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Potassium - Calcium

Full table
Name, Symbol, NumberPotassium, K, 19
Series Alkali metals
Group, Period, Block1(IA), 4 , s
Density, Hardness 856 kg/m3, 0.4
Appearance silvery white
Atomic Properties
Atomic weight 39.0983 amu
Atomic radius (calc.) 220 (243) pm
Covalent radius 196 pm
van der Waals radius 275 pm
Electron configuration [Ar]4s1
e- 's per energy level2, 8, 8, 1
Oxidation states (Oxide) 1 (strong base)
Crystal structure cubic body centered
Physical Properties
State of matter solid
Melting point 336.53 K (146.08 F)
Boiling point 1032 K (1398 F)
Molar volume 45.94 ×10-3 m3/mol
Heat of vaporization 79.87 kJ/mol
Heat of fusion 2.334 kJ/mol
Vapor pressure 1.06×10-4Pa at __ K
Speed of sound 2000 m/s at 293.15 K
Electronegativity 0.82 (Pauling scale)
Specific heat capacity 757 J/(kg*K)
Electrical conductivity 13.9 106/m ohm
Thermal conductivity 102.4 W/(m*K)
1st ionization potential 418.8 kJ/mol
2nd ionization potential 3052 kJ/mol
3rd ionization potential 4420 kJ/mol
4th ionization potential 4420 kJ/mol
5th ionization potential 7975 kJ/mol
6th ionization potential 9590 kJ/mol
7th ionization potential 11343 kJ/mol
8th ionization potential 14944 kJ/mol
9th ionization potential 16963.7 kJ/mol
10th ionization potential 48610 kJ/mol
Most Stable Isotopes
isoNAhalf-life DMDE MeVDP
39K93.26%K is stable with 20 neutrons
40K0.012%1.277 E9ybeta-
41K6.73%K is stable with 22 neutrons
SI units & STP are used except where noted.
Potassium is a chemical element in the periodic table that has the symbol K and atomic number 19. This is a soft, silvery-white metallic alkali metal that occurs naturally bound to other elements in seawater[?] and many minerals. It oxidizes rapidly in air, is very reactive, especially in water, and resembles sodium chemically.

Table of contents

Notable Characteristics Potassium is the second lightest and the most reactive and most electropositive of the metals. This is a soft solid that easily is cut with a knife and is silvery in color on fresh surfaces. It oxidizes in air rapidly and must be stored in mineral oil for preservation.

Similar to other alkali metals potassium decomposes in water with the release of hydrogen. When in water it catches fire spontaneously and its salts emit a violet color when exposed to a flame. Applications

Many potassium salts are very important, and include, potassium; bromide, carbonate, chlorate[?], chloride, chromate[?], cyanide[?], dichromate[?], hydroxide, iodide[?], nitrate, sulfate[?]. History Potassium (English, potash L. kalium) was discovered in 1807 by Sir Humphry Davy who derived it from caustic potash (KOH. This alkali metal and was the first metal that was isolated by electrolysis. Occurrence This element makes up about 2.4% of the weight of the Earth's crust and is the seventh most abundant element in it. Due to its insolubility, it is very difficult to obtain potassium from its minerals.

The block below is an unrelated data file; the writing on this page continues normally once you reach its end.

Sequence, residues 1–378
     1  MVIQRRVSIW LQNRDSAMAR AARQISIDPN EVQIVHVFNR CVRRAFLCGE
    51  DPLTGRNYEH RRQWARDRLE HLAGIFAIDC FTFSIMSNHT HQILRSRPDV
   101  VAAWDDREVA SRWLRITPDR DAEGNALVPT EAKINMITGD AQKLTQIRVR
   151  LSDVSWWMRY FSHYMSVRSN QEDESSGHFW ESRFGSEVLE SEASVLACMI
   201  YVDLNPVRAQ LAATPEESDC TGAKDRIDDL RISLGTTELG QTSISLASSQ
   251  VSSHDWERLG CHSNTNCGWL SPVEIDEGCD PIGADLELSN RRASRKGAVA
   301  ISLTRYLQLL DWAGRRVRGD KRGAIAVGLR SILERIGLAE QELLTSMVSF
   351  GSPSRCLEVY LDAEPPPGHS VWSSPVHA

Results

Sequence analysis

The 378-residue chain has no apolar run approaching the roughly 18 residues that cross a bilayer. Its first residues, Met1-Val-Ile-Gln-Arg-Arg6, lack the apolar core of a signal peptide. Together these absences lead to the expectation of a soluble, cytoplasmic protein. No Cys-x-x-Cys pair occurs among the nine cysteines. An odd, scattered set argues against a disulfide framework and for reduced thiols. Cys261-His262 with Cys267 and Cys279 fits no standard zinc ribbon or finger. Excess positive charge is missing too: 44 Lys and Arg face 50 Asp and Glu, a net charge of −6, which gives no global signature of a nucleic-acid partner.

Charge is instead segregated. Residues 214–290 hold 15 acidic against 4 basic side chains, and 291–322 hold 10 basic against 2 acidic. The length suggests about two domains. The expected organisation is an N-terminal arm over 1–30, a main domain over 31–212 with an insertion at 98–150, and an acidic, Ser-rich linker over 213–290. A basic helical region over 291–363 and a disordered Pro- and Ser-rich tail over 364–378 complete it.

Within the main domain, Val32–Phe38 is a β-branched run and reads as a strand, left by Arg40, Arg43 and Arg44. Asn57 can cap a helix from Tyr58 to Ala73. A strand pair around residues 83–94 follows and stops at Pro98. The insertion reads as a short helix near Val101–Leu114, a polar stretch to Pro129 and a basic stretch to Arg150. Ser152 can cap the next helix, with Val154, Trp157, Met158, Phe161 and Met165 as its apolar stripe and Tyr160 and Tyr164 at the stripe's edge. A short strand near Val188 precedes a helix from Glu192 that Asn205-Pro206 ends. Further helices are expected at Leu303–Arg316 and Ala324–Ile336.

However other minerals, such as carnallite[?], langbeinite[?], polyhalite[?], and sylvite[?] are found in ancient lake and sea beds. These minerals form extensive deposits in these envrionments making extracting potassium and its salts more economical. The principle source of pottassium, potash is mined in California, Germany, New Mexico, Utah, and in other places around the world. At 3000 ft below the surface of Saskatchewan lies large deposits of potash which may become important sources of this element and its salts in the future.

The oceans are another source of potassium but the quantify present in a given volume of seawater is relatively low compared to sodium.

Potassium is never found unbound in nature and is produced through electrolysis of its hydroxide in a process that has changed little since Davy. Thermal methods also are employed in potassium production Isotopes There are seventeen isotopes of potassium known to exist. The non-synthetic form of potassium are composed of three isotopes: K-39 (93.3%), K-40 (0.01%) and K-41 (6.7%). Naturally occurring K-40 decays to stable Ar-40 (11.2%) by electron capture and by positron emission[?], and decays to stable Ca-40 (88.8%) by negatron emission; K-40 has a half-life of 1.250 × 109 years.

The decay of K-40 to Ar-40 is commonly used as a method for dating rocks. The conventional K-Ar dating method depends on the assumption that the rocks contained no argon at the time of formation and that all the subsequent radiogenic argon (i.e., Ar-40) was quantitatively retained, i.e., closed system. Minerals are dated by measurement of the concentration of potassium, and the amount of radiogenic Ar-40 that has accumulated. The minerals that are best suited for dating include biotite, muscovite, and plutonic/high grade metamorphic hornblende, and volcanic feldspar; whole rock samples from volcanic flows and shallow instrusives can also be dated if they are unaltered.

Outside of dating, K isotopes have been used extensively in studies of weathering; K isotopes have also be used for nutrient cycling[?] studies because K is a macro-nutrient[?] required for life. Precautions Potassium reacts violently with water. This metal should therefore be kept under a mineral oil such as kerosene for this reason.

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